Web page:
Department of Health launches campaign to warn drinkers of damage from regular drinking

The Department of Health is launching a campaign to warn drinkers of the unseen health damage caused by regularly drinking more than the NHS advises.

New campaign: DH
New campaign: DH

The £6million campaign, backed by major health charities, shows  the damage that is being done to drinkers' organs while they are drinking in a pub or at home. 

It is being launched by Public Health Minister Gillian Merron today and is part of the cross-Government strategy to tackle the harms that alcohol causes.

The DH has developed the campaign in association with Cancer Research UK, the British Heart Foundation and the Stroke Association to create the series of stark TV, press and outdoor adverts showing the harm that regularly drinking more than two drinks a day can cause.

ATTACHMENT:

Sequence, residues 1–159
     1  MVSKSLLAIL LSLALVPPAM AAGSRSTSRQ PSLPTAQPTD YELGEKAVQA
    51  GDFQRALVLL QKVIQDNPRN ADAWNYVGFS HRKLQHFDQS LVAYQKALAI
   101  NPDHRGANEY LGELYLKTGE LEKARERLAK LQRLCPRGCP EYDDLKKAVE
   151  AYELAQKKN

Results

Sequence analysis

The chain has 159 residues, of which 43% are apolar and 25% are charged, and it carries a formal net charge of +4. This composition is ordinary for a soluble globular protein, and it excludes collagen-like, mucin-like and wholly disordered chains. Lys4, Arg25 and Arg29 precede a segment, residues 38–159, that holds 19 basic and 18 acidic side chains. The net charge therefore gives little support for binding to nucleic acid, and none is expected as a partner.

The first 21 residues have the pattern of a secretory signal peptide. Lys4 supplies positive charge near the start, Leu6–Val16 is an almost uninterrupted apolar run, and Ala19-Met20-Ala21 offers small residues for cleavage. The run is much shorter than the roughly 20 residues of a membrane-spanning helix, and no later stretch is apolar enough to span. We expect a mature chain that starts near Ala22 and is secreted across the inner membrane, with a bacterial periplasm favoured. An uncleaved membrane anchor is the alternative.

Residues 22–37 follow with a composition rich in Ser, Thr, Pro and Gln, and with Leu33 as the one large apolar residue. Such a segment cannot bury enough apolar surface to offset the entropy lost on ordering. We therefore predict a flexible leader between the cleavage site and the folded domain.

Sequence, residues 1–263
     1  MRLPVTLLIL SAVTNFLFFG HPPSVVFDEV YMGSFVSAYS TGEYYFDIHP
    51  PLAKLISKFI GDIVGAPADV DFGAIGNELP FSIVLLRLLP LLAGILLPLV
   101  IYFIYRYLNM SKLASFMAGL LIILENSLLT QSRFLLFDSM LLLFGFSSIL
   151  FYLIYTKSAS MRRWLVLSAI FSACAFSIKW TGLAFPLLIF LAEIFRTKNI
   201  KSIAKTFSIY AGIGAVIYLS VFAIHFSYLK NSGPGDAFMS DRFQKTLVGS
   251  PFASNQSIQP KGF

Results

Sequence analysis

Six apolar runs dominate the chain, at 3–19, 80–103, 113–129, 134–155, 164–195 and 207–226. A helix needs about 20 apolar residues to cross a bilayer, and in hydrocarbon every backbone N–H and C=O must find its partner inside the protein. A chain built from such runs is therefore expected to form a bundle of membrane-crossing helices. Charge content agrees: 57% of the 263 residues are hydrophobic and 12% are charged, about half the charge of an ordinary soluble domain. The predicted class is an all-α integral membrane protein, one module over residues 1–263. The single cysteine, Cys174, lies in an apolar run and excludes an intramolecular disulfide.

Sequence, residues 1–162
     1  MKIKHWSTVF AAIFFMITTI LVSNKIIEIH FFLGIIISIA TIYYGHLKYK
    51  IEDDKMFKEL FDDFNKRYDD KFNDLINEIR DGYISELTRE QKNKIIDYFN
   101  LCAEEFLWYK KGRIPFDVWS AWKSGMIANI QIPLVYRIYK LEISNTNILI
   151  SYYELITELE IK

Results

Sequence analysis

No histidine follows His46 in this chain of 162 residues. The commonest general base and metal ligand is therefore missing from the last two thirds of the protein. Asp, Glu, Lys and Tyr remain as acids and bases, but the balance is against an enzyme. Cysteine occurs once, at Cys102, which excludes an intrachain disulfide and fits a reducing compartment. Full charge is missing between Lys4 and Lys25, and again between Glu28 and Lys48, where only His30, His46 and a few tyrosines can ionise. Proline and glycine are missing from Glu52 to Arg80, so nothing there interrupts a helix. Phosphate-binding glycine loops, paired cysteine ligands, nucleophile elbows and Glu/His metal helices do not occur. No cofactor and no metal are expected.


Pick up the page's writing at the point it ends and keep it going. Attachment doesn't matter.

A new YouGov poll launched to coincide with the campaign shows that more than half (55 per cent) of English drinkers misguidedly believe that alcohol only damages your health if you regularly get drunk or binge drink.

The survey of over 2,000 adults also found that 83 per cent of those who regularly drink more than the NHS recommended limits of two to three units a day for women (about two small glasses of wine) and three to four units a day for men (about two pints of lager) don't think their drinking is putting their long-term health at risk.

With 10 million adults in England estimated to be drinking above the recommended limits, this is equivalent to around 8.3 million people potentially unaware of the damage their drinking could be causing.

The campaign website, launches on Monday 1 February and will feature interactive tools to arm people with the information they need to make healthier choices.

The campaign will also include an 8.5million door drop across the UK in areas with higher risks of drinkers.


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